ACM SIGCOMM 2023 Call for Artifacts
The SIGCOMM 2023 conference’s artifact evaluation process is open to accepted papers at the SIGCOMM 2023 conference. Artifact evaluation intends to publicly recognize authors’ efforts to make the data, hardware, software, survey results, proofs, models, test suites, benchmarks, and other artifacts associated with a paper available for other researchers’ use, as well as to help improve those artifacts before their broader distribution.
July 13, 2023
Announcement of Call for Artifact
August 11, 2023August 18, 2023
Artifact submission deadline
August 25, 2023
Decisions notification of the “artifacts available” award
September 10-14, 2023
SIGCOMM 2023 conference
October 10 - November 10, 2023
Authors answering AEC evaluation committee questions
December 5-8, 2023
Announce the full artifact evaluation results during the CoNEXT 2023 conference
Artifact Evaluation Committee
- Committee Co-Chairs
Massachusetts Institute of Technology
University of Southern California
Anny Xijia Zheng
Cesar A. Stuardo
Cha Hwan Song
National university of Singapore
Beijing University of Posts and Telecommunications
Ish Kumar Jain
University of California San Diego
City University of Hong Kong
University of Pennsylvania
Institut for Internet Security
University of Southern California
City University of Hong Kong
Technical University of Munich
Carnegie Mellon University
Hewlett Packard Labs
Federal University of Paraná
Nanyang Technological University
Renmin University of China
The Ohio State University
University of Michigan
Artifact Review and Badging
At artifact submission time, the authors will choose the criteria by which their artifacts will be evaluated. Based on ACM’s guidelines (https://www.acm.org/publications/policies/artifact-review-and-badging-current), the SIGCOMM 2023 conference will award two separate badges to a paper. An artifact can meet the criteria of one or both of the following badges:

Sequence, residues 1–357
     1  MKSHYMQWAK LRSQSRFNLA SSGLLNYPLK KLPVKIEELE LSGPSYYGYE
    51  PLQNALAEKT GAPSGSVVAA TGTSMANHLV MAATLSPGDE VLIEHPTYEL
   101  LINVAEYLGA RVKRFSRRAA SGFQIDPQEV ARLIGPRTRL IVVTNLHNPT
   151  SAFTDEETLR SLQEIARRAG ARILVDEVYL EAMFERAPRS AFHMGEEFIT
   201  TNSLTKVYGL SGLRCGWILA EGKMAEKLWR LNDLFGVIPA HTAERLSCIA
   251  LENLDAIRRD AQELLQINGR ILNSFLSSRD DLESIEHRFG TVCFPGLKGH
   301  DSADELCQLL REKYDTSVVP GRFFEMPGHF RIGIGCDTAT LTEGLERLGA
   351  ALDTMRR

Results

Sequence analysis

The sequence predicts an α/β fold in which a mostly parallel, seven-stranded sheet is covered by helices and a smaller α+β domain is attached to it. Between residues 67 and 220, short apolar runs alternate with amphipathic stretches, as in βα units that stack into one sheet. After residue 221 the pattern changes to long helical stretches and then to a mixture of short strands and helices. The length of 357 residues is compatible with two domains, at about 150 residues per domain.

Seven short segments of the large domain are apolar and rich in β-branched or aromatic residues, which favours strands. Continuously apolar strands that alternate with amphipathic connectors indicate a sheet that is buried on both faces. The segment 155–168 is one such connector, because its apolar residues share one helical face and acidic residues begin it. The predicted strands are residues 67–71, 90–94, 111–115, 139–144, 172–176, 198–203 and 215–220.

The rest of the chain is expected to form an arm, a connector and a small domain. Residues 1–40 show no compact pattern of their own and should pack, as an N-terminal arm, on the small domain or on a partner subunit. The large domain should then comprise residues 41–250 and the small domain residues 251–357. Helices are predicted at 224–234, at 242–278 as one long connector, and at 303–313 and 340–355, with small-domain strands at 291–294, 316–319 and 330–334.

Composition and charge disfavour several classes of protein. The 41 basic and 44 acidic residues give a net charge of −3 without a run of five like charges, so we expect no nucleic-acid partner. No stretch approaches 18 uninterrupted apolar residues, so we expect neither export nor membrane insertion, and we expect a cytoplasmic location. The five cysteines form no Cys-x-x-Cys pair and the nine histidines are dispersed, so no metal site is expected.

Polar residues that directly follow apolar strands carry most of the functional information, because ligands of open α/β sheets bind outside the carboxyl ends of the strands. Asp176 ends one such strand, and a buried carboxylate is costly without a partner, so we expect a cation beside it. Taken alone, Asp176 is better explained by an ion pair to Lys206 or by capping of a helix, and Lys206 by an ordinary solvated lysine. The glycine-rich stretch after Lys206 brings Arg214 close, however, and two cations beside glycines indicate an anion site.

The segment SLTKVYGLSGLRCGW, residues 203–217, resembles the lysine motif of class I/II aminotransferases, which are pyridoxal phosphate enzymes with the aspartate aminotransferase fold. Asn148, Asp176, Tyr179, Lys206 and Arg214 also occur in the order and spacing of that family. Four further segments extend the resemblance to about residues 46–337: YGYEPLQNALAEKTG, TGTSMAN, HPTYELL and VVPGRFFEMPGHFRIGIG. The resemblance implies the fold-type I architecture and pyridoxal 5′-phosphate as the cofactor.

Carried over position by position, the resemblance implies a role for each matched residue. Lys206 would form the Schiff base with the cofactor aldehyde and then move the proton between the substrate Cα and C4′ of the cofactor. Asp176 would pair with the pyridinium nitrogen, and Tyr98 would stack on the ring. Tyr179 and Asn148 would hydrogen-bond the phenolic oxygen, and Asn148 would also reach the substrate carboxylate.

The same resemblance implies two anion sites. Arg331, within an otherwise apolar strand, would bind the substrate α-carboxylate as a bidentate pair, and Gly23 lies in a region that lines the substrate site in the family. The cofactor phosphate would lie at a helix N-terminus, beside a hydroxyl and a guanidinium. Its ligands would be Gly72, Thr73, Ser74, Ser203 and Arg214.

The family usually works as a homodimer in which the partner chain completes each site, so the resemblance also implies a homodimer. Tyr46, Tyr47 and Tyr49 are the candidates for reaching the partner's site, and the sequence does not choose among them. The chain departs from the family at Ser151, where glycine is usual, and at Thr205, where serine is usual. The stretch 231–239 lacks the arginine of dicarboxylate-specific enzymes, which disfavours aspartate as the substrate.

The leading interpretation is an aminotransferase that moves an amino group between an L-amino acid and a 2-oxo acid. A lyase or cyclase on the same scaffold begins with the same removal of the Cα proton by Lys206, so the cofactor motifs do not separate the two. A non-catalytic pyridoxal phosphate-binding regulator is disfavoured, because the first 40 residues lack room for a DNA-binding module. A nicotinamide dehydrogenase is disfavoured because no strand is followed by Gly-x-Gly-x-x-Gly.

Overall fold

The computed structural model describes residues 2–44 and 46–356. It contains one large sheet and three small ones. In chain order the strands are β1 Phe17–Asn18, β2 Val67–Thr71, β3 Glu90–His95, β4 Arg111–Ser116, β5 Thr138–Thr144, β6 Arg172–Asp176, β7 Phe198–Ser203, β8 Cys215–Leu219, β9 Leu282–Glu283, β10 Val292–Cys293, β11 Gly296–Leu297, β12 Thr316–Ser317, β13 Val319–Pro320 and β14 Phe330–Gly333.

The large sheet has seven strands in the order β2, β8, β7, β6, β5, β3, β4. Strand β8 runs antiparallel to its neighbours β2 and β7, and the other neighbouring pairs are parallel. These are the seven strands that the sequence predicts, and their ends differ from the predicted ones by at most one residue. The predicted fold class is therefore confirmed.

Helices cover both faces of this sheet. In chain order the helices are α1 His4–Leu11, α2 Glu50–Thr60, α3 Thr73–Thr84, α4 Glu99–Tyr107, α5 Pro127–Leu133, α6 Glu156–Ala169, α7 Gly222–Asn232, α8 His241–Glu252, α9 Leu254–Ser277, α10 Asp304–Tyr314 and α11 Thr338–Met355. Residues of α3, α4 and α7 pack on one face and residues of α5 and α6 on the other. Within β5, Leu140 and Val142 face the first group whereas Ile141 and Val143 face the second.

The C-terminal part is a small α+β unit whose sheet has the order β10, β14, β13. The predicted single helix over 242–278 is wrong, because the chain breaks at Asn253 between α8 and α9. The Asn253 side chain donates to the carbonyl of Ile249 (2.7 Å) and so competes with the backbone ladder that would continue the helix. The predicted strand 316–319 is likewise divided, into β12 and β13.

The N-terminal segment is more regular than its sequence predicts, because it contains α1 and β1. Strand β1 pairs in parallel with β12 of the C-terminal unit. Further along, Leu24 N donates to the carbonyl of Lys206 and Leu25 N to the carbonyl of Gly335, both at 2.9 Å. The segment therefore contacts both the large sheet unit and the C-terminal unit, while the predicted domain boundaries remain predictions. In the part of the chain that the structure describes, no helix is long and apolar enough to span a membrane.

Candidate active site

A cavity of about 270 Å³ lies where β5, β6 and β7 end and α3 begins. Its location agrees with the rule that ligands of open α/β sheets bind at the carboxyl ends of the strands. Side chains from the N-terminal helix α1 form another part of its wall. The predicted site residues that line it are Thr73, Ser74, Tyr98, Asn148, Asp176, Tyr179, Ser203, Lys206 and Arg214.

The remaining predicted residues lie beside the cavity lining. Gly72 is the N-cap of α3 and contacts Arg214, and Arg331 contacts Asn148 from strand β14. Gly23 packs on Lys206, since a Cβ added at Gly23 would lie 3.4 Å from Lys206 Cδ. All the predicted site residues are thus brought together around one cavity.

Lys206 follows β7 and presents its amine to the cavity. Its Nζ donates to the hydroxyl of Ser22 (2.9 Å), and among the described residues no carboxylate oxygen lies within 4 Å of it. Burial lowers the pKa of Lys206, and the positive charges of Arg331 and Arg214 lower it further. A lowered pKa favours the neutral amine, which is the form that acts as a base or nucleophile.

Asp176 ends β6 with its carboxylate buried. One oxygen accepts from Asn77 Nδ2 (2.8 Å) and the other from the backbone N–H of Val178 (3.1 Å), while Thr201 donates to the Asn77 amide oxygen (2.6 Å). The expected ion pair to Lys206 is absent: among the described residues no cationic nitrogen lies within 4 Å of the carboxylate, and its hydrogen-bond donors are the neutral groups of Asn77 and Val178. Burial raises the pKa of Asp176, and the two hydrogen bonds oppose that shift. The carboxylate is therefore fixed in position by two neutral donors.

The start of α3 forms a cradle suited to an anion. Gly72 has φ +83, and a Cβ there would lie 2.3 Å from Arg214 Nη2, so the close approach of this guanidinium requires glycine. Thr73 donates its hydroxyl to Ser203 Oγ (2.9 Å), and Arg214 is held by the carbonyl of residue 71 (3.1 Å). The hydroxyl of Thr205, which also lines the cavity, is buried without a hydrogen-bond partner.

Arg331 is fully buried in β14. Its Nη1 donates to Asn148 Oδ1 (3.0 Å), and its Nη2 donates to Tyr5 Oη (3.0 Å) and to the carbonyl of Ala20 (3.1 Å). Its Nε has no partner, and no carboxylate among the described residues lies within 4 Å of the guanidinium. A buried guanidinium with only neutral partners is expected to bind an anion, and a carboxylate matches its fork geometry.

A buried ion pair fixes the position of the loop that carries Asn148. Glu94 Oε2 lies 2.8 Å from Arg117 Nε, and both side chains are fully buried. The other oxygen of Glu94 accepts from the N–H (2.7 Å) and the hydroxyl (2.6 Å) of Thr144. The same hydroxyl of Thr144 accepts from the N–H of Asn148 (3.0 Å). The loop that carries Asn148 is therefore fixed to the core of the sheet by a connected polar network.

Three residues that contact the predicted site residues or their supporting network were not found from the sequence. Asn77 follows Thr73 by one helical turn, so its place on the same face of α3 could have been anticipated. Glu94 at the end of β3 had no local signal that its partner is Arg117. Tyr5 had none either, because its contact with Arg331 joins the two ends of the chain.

- Artifacts Available: To earn this badge, the AEC must judge that the artifacts associated with the paper have been made available for retrieval, permanently and publicly. Valid hosting options include publisher repositories (ACM Digital Library), institutional repositories or open commercial repositories (e.g., GitHub, GitLab, FigShare, Dryad), not personal webpages. Other than making the artifacts available, this badge does not mandate any further requirements on functionality, correctness, or documentation.
- Artifacts Evaluated - Functional: To earn this badge, the AEC must judge that the artifacts conform to the expectations set by the paper in terms of functionality, usability, and relevance. The AEC will consider four aspects of the artifacts.
- Documented: are the artifacts sufficiently documented to enable them to be exercised by readers of the paper?
- Consistent: are the artifacts relevant to the associated paper?
- Complete: do the submitted artifacts include all of the key components described in the paper?
- Exercisable: do the submitted artifacts include the scripts and data needed to run the experiments described in the paper, and can the software be successfully executed?
When the AEC judges that an artifact meets the criteria for one or both of the badges listed above, those badges will appear on the final version of the associated paper. In addition, the authors of the paper will be encouraged to add an Artifact Appendix of up to two pages to their publication. The goal of the appendix is to describe and document the artifact in a standard format.
Review and Anonymity
Artifact evaluation is "single-blind." The identities of artifact authors will be known to members of the AEC, but authors will not know which members of the AEC have reviewed their artifacts.
To maintain the anonymity of artifact evaluators, the authors of artifacts should not embed any analytics or other tracking in the websites for their artifacts for the duration of the artifact-evaluation period. This is important to maintain the confidentiality of the evaluators. In cases where tracing is unavoidable, authors should notify the AEC chairs in advance so that AEC members can take adequate safeguards.
At the same time, though the authors are visible to AEC, the submission of an artifact does not give the AEC permission to make its content public. AEC members may not publicize any part of your artifact during or after completing the evaluation, nor may they retain any part of it after evaluation. Thus, you are free to include models, data files, proprietary binaries, etc. in your artifact. Participating in artifact evaluation does not require you to later publish your artifacts (although it is encouraged).